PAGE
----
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Thread: CO2 to reduce pH

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    CO2 to reduce pH

    Hello all you chem folk

    The other day someone said to use CO2 instead of muriatic acid to reduce pH in a feeder mechanism. The argument over using the acid is that if the valve somehow got stuck open and no one checked the pH for a period of time the lowest the CO2 would take the pH is ~6.4 while the unchecked acid would eventually drop the pH to ~.5 It didn't quite sound right to me, so I put it up to you who are much more kowledgeable than I

    Isn't it the outgassing of CO2 that raises pH? (as in lowering the alkalinity)

    Thanks for any thoughts - Ted
    Luv& Luk
    -Ted

    Having done construction and service for 4 pool companies in 4 states starting in 1988, what I know about pools could fill a couple of books - what I don't know could fill a couple of libraries :-D

    POOL SCHOOL, TF Testkits, Jason's Pool Calculator, CYA vs. cl chart, (Just a few DARNED handy links!)

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    CO2 out gassing removes CO2 from the water and the PH goes up. CO2 injection does the opposite, CO2 is added to the water and the PH goes down.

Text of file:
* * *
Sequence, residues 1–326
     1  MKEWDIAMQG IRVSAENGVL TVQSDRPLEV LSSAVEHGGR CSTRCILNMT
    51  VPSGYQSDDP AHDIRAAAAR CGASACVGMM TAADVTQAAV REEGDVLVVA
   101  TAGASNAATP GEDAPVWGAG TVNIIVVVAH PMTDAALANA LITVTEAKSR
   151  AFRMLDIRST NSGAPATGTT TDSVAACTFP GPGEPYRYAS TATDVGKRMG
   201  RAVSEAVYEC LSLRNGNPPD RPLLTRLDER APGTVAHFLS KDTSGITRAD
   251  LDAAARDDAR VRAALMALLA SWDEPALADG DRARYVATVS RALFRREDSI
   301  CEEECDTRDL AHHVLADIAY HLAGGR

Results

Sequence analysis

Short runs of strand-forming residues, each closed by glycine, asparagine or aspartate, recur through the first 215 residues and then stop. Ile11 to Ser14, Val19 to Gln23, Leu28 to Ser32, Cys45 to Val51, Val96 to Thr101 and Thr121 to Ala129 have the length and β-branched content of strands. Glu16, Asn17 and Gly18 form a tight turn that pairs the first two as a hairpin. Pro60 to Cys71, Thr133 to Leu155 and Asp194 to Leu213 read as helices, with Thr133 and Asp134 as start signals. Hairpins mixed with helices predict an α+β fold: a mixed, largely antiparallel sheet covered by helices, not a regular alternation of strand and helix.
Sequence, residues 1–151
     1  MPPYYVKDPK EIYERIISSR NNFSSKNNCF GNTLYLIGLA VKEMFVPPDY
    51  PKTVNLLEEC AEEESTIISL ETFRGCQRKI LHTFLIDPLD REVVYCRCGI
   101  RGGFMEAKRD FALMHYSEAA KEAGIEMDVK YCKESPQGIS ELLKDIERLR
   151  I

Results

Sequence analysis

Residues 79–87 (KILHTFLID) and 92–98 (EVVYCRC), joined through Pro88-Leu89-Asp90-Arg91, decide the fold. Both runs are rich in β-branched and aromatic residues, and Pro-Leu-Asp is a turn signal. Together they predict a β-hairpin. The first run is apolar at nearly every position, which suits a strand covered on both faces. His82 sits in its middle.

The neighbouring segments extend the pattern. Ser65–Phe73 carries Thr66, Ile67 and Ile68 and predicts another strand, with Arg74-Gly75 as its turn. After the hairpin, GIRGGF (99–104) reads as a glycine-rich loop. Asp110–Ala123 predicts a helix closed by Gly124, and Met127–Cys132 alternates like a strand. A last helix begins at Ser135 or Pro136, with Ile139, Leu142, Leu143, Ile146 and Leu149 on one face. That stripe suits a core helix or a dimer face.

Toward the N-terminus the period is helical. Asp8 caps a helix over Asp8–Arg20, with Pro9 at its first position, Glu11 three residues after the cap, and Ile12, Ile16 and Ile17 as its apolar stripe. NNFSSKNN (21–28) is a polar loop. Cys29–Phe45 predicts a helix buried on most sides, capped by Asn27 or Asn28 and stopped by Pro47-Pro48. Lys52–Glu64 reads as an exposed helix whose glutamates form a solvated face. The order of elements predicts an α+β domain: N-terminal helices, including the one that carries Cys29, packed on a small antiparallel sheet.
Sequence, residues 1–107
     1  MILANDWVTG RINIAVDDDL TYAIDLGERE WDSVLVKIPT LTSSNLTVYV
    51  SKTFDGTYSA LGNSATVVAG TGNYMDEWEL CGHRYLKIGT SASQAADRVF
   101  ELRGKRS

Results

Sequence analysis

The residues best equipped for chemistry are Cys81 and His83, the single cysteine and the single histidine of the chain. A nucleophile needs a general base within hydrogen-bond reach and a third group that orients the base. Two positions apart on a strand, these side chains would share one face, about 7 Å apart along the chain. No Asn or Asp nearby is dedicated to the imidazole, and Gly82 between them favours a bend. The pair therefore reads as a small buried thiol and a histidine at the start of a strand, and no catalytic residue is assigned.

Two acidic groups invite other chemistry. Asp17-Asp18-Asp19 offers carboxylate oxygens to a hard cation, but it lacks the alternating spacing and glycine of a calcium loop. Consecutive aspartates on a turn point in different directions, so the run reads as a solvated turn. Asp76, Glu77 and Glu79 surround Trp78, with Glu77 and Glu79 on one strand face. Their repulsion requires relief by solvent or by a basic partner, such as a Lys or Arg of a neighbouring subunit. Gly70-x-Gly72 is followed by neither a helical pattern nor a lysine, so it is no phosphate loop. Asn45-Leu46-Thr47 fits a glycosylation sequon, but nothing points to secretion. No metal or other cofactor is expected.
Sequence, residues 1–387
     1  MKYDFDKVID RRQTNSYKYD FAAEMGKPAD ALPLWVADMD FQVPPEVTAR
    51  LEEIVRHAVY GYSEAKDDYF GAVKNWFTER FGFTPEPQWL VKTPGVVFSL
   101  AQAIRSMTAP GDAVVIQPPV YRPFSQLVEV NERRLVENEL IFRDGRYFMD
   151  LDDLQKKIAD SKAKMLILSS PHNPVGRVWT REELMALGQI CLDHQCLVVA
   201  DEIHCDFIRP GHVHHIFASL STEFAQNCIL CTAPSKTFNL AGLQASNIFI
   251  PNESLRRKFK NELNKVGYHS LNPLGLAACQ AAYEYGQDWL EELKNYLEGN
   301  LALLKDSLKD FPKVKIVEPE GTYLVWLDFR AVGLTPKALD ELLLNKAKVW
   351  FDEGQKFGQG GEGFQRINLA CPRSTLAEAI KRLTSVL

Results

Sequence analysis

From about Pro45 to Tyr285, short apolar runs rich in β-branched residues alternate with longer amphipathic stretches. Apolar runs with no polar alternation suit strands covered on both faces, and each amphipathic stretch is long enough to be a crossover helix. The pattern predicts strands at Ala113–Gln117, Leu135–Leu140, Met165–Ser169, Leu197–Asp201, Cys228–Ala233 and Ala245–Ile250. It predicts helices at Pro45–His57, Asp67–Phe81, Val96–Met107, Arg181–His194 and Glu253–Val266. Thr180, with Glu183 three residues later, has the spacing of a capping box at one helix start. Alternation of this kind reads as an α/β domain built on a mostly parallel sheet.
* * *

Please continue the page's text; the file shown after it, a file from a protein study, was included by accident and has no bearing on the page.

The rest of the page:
CO2 injection is a fairly common method of lowering PH in large pools. It is not commonly used for residential pools because the equipment is more expensive than for acid injection and gas tanks can be quite heavy and thus difficult for a home owner to handle.
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    Ted,

    When CO2 either outgasses or is added via injection the pH moves but the TA does not. The reasons are technical but in simplest terms when CO2 combines with water it produces H2CO3 which is carbonic acid that then dissociates to form mostly bicarbonate ion, HCO3-, and a little carbonate ion, CO32-, at least at the normal pH in pools ( 7-8 ). TA is increased when there are more carbonates in the pool, but is decreased when there is more hydrogen ion (i.e. lower pH) and these exactly cancel each other out as they are in pairs -- technically CO32- counts twice towards TA while each H+ counts once and there are two of them in H2CO3.

    As for the argument that the lowest the pH would get to is 6.2 via injection of carbon dioxide into the water, that is patently false. The pH can go as low as you want, but you will be fighting outgassing and at the point when the injection rate equals the outgassing rate then that is where the pH will ultimately end up. Since outgassing is a function of aeration (among other things), there is no way that someone can predict 6.2 as the ultimate low point. In fact, carbonated beverages have a low pH that varies from 2 to 4.5, though this is done by injecting CO2 under pressure.